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Our endeavours, our projects, are important. They deliver significant outcomes that matter. They are measured on a number of parameters to identify the success of these outcomes and to illustrate the productivity of our projects.

Because our projects are important we expect success from them. Success needs to be measured and it also needs to be communicated. One method to communicate our measured emerging success on a project is by sharing information about our project velocity.

Velocity is a method for measurably demonstrating the rate at which a project develops software and delivers business value. It is calculated by deriving the number of user stories that the project delivers in each timebox (or sprint). It is measured over a number of timeboxes and provided as a range of values or an average across that number of timeboxes. So, if a project delivers 3 user stories in one timebox, 4 in another, 6 in another and 5 in another then we would say the velocity is from 3 to 6 across four timeboxes. Providing the average of the number of user stories across the number of timeboxes, in this instance by dividing 18 by 4 is a number than comes in for some criticism. The average value for a velocity is often challenged as individual sprints and user stories do not necessarily demand the same amount of effort. However, one of the targets of your project is to seek and deliver a sustainable repeatable velocity. This is a rate of delivery of added business value inside products that is regularly achievable by the team. To achieve this we must demonstrate this, to demonstrate this we must measure this, to measure this using the quantifier of velocity we must aim towards formalised sizes for user stories and for sprints. We talk about user stories and timebox planning elsewhere.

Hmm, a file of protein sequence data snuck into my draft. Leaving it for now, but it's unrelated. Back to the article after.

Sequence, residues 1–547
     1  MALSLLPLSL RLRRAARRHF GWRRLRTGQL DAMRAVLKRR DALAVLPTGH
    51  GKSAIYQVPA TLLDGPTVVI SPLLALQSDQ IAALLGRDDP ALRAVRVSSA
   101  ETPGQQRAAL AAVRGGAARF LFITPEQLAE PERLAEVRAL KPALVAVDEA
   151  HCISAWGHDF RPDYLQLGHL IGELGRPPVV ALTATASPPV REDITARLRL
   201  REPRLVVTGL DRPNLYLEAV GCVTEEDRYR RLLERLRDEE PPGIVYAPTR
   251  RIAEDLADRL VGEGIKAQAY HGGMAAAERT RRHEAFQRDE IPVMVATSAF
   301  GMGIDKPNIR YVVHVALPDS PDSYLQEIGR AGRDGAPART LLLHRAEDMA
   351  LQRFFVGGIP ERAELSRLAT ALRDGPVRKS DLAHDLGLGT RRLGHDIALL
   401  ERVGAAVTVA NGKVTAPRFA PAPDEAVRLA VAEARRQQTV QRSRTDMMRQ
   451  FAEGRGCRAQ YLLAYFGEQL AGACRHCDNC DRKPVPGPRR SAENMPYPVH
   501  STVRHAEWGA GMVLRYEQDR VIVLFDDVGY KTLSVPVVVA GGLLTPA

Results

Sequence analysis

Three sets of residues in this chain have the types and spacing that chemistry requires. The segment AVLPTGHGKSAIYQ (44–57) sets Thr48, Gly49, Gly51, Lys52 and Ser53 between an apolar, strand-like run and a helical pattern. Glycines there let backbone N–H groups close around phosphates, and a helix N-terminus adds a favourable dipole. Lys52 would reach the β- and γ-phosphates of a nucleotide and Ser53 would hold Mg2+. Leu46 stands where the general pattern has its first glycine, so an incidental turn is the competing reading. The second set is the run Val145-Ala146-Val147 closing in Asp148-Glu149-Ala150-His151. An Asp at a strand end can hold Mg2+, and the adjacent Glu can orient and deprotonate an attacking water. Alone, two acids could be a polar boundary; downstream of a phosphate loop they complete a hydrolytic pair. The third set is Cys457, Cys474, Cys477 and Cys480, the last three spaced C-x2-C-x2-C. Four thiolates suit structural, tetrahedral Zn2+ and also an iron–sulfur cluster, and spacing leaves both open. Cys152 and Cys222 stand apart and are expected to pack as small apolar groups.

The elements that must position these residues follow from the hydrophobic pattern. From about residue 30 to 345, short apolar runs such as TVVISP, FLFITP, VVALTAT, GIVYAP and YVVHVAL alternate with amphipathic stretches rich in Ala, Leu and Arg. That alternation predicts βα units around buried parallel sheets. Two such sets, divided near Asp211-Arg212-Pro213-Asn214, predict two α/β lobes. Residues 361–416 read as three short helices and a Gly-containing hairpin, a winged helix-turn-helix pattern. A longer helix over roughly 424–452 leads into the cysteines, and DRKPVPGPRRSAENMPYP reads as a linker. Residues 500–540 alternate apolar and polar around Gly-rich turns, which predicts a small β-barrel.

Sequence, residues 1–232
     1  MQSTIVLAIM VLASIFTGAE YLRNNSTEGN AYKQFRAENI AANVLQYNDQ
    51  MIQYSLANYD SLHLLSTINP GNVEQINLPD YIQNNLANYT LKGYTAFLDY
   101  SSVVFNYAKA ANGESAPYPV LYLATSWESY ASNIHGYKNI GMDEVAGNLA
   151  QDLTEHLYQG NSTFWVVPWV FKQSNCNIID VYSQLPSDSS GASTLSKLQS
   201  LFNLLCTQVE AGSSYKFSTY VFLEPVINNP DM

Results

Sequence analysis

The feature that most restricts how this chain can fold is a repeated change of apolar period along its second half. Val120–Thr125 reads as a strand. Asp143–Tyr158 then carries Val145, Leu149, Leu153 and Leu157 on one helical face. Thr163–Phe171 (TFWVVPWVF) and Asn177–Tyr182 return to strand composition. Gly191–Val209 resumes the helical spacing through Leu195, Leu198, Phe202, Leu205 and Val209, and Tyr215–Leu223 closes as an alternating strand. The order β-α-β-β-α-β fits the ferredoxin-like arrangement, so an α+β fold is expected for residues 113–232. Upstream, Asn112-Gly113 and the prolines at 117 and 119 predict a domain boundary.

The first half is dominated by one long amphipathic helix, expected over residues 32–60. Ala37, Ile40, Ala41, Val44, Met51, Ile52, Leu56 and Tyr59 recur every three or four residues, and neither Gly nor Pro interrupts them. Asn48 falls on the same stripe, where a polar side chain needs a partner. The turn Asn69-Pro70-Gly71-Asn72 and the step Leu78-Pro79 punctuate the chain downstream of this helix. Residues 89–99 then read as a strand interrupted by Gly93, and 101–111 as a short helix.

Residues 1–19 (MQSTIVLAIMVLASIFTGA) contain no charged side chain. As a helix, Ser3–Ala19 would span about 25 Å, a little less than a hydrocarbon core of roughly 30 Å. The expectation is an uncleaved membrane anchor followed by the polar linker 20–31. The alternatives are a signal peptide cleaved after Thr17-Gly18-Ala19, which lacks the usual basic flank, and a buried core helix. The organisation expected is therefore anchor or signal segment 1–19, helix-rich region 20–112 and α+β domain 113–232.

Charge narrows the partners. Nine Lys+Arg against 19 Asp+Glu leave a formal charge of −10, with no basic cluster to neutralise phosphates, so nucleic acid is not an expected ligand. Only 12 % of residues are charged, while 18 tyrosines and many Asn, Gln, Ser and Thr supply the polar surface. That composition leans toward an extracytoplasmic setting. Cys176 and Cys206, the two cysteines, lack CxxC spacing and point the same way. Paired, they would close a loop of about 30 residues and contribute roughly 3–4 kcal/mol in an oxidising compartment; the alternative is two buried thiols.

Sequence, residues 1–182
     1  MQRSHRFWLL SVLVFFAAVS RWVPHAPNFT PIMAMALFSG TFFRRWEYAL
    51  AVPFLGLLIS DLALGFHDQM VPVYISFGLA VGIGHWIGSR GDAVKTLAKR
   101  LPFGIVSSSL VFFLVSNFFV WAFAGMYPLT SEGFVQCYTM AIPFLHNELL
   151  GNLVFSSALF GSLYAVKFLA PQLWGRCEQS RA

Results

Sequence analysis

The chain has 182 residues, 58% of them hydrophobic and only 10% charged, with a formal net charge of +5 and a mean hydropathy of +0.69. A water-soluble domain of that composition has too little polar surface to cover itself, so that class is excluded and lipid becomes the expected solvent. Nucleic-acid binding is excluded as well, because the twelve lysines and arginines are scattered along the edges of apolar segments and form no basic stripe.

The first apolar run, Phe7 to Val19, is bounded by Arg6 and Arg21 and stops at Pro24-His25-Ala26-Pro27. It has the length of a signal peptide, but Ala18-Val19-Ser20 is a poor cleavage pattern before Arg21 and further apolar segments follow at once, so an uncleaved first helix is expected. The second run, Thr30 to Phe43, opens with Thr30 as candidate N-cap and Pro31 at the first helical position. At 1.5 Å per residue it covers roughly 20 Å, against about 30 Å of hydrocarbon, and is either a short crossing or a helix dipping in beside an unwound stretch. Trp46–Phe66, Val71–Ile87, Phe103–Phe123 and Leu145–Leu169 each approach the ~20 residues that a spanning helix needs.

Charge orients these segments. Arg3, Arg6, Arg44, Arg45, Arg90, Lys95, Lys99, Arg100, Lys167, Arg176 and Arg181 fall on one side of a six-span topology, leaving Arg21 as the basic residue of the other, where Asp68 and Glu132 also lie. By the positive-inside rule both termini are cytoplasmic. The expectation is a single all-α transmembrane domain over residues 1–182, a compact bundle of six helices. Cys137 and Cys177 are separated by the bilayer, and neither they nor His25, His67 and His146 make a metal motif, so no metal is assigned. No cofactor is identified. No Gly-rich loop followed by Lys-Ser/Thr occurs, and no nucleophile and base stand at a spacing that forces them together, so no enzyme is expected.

Measurements therefore are essential; so we will look at these too! We traditionally measure projects using three key indicators: cost, time and quality. We do this for very straightforward and patently understandable reasons.

We want to know have we delivered a quality product and have we delivered this inside the time and cost parameters we set. Let us look at the first and, for the purposes of the Toolkit, the most important of these.

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